Blu Tuesday: “Super 8” and More

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Kyle Chandler and Elle Fanning in "Super 8"

Blu Tuesday is a weekly column where we review the newest Blu-ray and 4K releases, along with a brief rundown of the included bonus material, to determine whether they’re worth buying, renting or skipping.

Pick of the Week: “Super 8”

Since making his feature debut with 2006’s “Mission: Impossible III,” J.J Abrams has directed six films — five of which are based on preexisting IP. His only truly original movie is 2011’s “Super 8,” and it also happens to be one of his best. A throwback to the classic Amblin films of the ‘70s and ‘80s that’s one part coming-of-age story, one part monster movie, “Super 8” is not only top-tier Abrams, but it’s arguably his most emotional movie to date, as it deals with themes like loss and acceptance. For the most part, Abrams does a great job of balancing the serious drama with the blockbustery set pieces, though the alien stuff is certainly the less interesting of the two. While none of the child actors have gone on to do much apart from Elle Fanning, they’re all well cast in their roles, lending an authenticity that really elevates the material. “Super 8” is by no means a perfect movie, but it represents Abrams at his most promising — a time when he still seemed destined to become the next Spielberg instead of simply masquerading as him.

Extras include an audio commentary by writer/director J.J. Abrams, producer Bryan Burk and cinematographer Larry Fong, as well as a behind-the-scenes look at making the film and some deleted scenes. FINAL VERDICT: BUY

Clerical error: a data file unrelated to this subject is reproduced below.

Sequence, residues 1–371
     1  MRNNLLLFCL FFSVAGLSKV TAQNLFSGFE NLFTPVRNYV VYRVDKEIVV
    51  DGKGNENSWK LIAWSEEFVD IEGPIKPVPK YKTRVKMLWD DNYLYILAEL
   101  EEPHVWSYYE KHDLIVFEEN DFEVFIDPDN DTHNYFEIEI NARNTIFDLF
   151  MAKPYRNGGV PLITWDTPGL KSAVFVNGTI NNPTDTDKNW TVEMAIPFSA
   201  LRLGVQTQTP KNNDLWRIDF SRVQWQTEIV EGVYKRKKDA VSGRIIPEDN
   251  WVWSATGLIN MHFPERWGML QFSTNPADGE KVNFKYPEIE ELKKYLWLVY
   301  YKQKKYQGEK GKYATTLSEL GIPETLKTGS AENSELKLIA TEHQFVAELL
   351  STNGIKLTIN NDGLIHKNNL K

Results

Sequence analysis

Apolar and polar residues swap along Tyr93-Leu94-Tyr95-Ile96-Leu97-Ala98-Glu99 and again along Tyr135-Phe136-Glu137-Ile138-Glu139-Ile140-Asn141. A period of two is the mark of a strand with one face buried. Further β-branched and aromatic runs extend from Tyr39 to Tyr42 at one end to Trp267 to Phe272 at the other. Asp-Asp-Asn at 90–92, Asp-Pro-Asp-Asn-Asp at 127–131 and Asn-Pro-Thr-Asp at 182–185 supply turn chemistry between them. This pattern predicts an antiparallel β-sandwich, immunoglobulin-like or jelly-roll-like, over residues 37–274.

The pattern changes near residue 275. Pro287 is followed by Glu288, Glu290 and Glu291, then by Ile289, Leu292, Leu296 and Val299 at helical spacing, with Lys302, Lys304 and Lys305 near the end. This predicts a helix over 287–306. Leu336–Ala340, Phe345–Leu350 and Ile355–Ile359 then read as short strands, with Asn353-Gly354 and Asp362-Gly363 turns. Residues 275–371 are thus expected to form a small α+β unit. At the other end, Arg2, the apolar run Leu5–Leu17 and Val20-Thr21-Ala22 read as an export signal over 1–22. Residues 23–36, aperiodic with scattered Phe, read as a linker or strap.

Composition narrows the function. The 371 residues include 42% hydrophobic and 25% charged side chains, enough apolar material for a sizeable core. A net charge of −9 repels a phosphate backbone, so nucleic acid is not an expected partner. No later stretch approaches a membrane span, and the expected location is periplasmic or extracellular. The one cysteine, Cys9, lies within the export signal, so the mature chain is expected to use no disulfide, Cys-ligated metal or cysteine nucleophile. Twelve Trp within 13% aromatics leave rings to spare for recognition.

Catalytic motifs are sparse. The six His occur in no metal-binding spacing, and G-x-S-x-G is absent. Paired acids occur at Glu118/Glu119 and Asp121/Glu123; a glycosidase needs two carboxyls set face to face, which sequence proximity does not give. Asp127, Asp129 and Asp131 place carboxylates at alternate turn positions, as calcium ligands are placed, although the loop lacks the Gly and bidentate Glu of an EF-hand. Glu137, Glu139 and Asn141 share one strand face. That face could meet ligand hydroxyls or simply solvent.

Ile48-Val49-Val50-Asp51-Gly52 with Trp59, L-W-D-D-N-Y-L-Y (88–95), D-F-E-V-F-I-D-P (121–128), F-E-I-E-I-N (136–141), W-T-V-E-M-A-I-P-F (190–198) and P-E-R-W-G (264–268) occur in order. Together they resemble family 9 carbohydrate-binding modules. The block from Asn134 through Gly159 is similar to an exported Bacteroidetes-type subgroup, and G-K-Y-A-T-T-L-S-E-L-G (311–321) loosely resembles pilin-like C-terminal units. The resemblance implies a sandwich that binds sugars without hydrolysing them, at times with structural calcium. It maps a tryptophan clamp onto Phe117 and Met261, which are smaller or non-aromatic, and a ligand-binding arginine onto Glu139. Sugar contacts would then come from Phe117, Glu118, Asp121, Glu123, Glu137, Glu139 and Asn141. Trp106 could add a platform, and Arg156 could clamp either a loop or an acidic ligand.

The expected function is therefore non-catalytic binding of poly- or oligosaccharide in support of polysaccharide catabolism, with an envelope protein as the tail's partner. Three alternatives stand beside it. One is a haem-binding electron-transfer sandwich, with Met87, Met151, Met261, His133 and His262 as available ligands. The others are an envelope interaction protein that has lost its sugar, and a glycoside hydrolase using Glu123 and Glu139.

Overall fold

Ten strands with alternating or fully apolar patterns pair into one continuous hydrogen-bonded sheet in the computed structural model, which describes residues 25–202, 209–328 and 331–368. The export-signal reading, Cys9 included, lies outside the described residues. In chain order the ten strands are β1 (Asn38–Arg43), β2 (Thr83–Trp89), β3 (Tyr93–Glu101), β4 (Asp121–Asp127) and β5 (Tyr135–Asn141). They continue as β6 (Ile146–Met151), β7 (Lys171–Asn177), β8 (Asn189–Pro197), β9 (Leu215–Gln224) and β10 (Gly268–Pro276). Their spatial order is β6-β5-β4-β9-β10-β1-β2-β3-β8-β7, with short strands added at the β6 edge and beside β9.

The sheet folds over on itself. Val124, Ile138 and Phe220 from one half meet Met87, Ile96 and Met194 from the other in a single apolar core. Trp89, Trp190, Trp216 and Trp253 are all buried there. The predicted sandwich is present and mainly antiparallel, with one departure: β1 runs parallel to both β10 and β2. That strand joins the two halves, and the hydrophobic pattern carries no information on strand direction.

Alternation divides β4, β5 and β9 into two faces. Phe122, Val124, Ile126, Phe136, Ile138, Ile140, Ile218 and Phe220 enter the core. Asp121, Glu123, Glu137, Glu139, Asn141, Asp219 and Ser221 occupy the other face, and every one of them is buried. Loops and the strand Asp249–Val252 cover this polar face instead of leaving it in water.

Also Out This Week:

Chaos Walking” — Based on the series of young adult sci-fi novels by Patrick Ness, “Chaos Walking” is a bloated, $125 million disaster that fails to connect on any level. Just from some quick research on Wikipedia, it’s clear that Ness and director Doug Liman tried to combine the various story threads from all three books into one movie, and the film suffers because of it. Though the basic premise is interesting, it’s not executed very well. The story has been oversimplified to the point that it no longer has any depth, while the characters and their relationships are poorly developed. The way that Liman visualizes The Noise is pretty clever, but the plot device itself grows monotonous and annoying. Perhaps the biggest problem, however, is that “Chaos Walking” is a complete bore, and that ultimately proves to be the film’s undoing. Extras include an audio commentary by Liman, producer Alison Winter and editor Doc Crotzer, as well as some behind-the-scenes featurettes and deleted scenes. FINAL VERDICT: SKIP

Disclosure: Bullz-Eye was provided a copy of the above titles for review purposes.

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About Author

A lover of film and the art of debate, Jason doesn’t like to be wrong, which is why he became a movie critic. In addition to writing for Bullz-Eye.com, Jason has contributed to Film School Rejects and is a proud member of the Central Ohio Film Critics Association and the Online Film Critics Society.